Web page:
The plan to enter the derivatives space is in its infancy, Fotheringham continues. He relates that he is charged with creating a business plan and budget, which will be presented to management at the end of the first quarter. "I've been asked to research building a platform, buying a platform or leasing, and to put together a business plan and recommendation on how to proceed," Fotheringham says. He declines to specify which option looks most promising at this stage.
"We want to have something in place for 2009," Fotheringham adds. "We want to integrate what's already here and make sure things are seamless. We have a lot of work to do."
Fotheringham notes that the market is more mature than when the MOU was created. At that time, the market needed consolidation of the country's exchanges to create a central place for liquidity, he explains. "The markets have matured. Our model is stronger, the fact that we are a for-profit exchange now has made us focus on developing systems for the shareholder and the client," Fotheringham says.
"Going into 2009, it's in the best interest of our clients that we look beyond the agreement and enter into the derivatives space," Fotheringham says. "We've made a commitment that we'll be there."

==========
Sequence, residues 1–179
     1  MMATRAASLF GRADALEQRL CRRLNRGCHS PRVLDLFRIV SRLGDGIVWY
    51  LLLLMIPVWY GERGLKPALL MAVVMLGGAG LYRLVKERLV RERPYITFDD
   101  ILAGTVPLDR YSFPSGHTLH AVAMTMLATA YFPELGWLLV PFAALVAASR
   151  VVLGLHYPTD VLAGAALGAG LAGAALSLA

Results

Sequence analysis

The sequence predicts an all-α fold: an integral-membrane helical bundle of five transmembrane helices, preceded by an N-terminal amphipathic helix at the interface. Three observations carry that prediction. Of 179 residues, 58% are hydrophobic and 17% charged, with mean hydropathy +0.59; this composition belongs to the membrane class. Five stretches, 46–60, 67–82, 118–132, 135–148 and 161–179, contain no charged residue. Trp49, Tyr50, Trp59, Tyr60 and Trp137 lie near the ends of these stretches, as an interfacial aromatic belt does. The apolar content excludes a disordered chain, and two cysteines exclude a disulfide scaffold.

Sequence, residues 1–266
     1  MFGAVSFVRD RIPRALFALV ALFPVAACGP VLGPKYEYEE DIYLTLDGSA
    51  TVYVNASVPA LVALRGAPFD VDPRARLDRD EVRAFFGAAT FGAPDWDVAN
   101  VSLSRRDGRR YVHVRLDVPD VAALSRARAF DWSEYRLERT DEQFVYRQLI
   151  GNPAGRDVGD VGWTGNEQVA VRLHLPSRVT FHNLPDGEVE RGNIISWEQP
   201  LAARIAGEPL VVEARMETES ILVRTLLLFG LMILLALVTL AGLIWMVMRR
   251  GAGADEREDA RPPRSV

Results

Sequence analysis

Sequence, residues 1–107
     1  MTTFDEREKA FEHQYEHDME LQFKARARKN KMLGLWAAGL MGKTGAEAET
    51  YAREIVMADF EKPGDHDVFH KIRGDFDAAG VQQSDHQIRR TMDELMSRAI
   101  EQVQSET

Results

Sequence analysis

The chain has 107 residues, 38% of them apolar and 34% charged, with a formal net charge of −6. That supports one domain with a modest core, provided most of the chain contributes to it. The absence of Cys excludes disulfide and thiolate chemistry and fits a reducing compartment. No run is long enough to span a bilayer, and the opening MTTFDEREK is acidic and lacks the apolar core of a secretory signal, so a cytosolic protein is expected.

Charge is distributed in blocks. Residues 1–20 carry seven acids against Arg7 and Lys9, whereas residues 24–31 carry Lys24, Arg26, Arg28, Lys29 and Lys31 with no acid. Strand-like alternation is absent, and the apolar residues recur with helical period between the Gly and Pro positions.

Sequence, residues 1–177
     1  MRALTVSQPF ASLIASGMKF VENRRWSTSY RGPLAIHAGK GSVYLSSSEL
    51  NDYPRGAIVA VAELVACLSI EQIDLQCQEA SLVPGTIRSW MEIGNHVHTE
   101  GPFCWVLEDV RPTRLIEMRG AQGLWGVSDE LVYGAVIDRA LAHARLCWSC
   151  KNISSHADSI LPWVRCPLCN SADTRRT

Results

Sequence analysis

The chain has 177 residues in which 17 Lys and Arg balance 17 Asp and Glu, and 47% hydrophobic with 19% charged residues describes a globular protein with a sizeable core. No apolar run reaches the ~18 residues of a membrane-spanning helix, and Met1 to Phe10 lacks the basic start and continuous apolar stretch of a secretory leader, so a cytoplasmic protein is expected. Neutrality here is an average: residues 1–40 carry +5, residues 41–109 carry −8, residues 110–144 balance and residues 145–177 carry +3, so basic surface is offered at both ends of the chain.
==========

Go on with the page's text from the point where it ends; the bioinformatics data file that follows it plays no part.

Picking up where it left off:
TSX already has ventured into other product lines. It owns a 45 percent interest in Canada's electronic fixed-income platform, CanDeal, and acquired NGX, a natural gas and electricity trading operation from Sweden-based OM. In addition to researching the derivatives space, Fotheringham will look at all of the TSX platforms and products to determine if and how these markets should be integrated.
Parkhill explains that derivatives are attractive for two reasons. First, "Trading volumes are growing at a faster rate in derivatives than in the cash markets, making the market very attractive," he says. Further, traders often hedge and offset cash positions using derivatives, Parkhill adds.